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As Tennis Season Opens, Don't Let Injuries Ruin Your “GAME, SET AND MATCH”
Date:4/16/2013

Carmel, NY (PRWEB) April 16, 2013

On any given day on the all-year-round pro tennis tour, dozens of hurting tennis professionals are sidelined, sometimes returning to match play in a few weeks, sometimes out with season-ending injuries. “And those are highly conditioned athletes, with rigorous training regimens,” says Dr. Stuart Elkowitz of Somers Orthopaedic Surgery and Sports Medicine Group. “Amateurs who play regularly, and especially those who play seasonally, are at greater risk of injury.” According to the American Academy of Orthopaedic Surgeons, there are more than 78,000 tennis injuries that require treatment every year.

Typical Tennis Injuries and Tips for Prevention
Tennis injuries are of two types: overuse injuries that develop over time and are caused by repetitive actions, such as hitting thousands of serves; and acute or traumatic injuries that happen in an instant and are caused by the running, stopping, lunging and turning that characterize play. The most common overuse injuries are inflammation of the tendons that connect the forearm muscles with the elbow joint (tennis elbow) and of the tendons in the shoulder and wrist. Overuse injuries also affect the knee and lower back. The most common acute injuries are to the ligaments (sprains), most commonly of the ankle, knee and wrist; and to the muscles (strains), generally of the calf, hamstring and back.

“Preventive measures can reduce the risk of both overuse and acute injuries,” says Dr. Elkowitz. “The primary considerations are to conscientiously maintain general fitness, thoroughly warm up and cool down, execute maneuvers on the court with proper technique and use appropriate equipment.”

Fitness
General conditioning and strength training should begin several months before the season starts. Strong muscles are less likely to tear and the muscles of the forearm and shoulder should get special attention. Because tennis is a one-sided activity, the muscles on one side of the body can become much stronger than those on the other side. Correcting the imbalance through training can help prevent injury.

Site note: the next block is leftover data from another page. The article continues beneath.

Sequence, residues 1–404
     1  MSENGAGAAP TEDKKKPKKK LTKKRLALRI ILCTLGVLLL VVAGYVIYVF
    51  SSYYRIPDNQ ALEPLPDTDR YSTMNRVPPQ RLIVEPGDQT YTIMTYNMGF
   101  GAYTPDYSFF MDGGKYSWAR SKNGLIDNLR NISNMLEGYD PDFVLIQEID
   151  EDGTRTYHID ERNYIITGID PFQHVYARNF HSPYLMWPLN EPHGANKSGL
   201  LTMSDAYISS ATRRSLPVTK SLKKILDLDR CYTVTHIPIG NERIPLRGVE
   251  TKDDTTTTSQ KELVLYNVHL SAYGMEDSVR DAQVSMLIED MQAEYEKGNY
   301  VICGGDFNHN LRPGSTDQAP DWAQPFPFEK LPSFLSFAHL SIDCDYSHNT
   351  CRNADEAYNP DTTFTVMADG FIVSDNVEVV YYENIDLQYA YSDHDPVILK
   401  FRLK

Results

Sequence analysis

Warm Up and Cool Down
Warming up before play or practice will help prevent injury and will also help improve performance. Muscles work best and are least prone to injury when warm. Warming up also increases blood flow and the delivery of oxygen to the muscles and increases the speed of nerve impulses, making you faster. A proper warm-up begins with light aerobic exercise – 5 to 10 minutes of jogging at an easy pace followed by a five-minute recovery period. Experts now recommend that a warm-up include dynamic stretching – stretching muscles while moving, which warms the body, raises the heart rate and most closely resembles the kind of movements that are required during play.

The goal of cooling down is to gradually lower the heart rate and to restore fatigued muscles by getting blood and oxygen to them. Cooling down should consist of a gentle jog followed by light static stretching – remaining stationary while holding the stretch for 20-30 seconds.

Technique
Proper technique will not only improve your game, it will help you stay healthy. The best way to dodge bad habits is to not develop them. Take lessons from a qualified instructor and have periodic refreshers or check-ups to ensure that you aren't slipping. For example, when serving or hitting an overhead, avoid overarching your back; instead, focus on bending your knees and raising your heels, so your upper body weight is evenly balanced.

Equipment
The right racket and shoes are important in preventing injury. Along with weight and grip size, the racket's stiffness is a key consideration, especially for younger players whose wrists, elbows and shoulders aren't developed enough to withstand the impact of the ball hitting a stiff racket. A more flexible racket will better absorb and disperse the shock of impact. Similarly, string tension should be increased only in small increments as players gain strength. Shoes must be specifically designed for tennis. They should support the heel, keep the ankle from rolling and reduce side-to-side sliding. For extra cushioning, consider wearing two pair of socks or special padded tennis socks. The type of court you play on will also affect the demands on your body. Softer surfaces such as clay and grass are the easiest on the body. Harder surfaces have less "give" and can lead to more injuries.

“Tennis is great fun and great exercise but it requires lots of sudden movements and changes of direction that put complex demands on the body,” says Dr. Elkowitz. “Fortunately, we no longer simply treat those who get hurt. We put the emphasis on conditioning – for players of all ages – to improve their strength, flexibility and agility and on preventive measures that help them avoid getting hurt in the first place.”

Bio: Stuart Elkowitz, M.D., F.A.A.O.S., C.A.Q.H.S., is Board Certified in Orthopaedic Surgery and received a Certificate of Added Qualification in Hand Surgery (C.A.Q.H.S.), which is the equivalent of Board Certification in Hand Surgery. Dr. Elkowitz is in practice with Somers Orthopaedic Surgery and Sports Medicine Group, founded in 1988, and one of the most comprehensive and specialized practices in the region. http://www.somersortho.com

Read the full story at http://www.prweb.com/releases/somersortho/tennisinjuryprevention/prweb10626119.htm.


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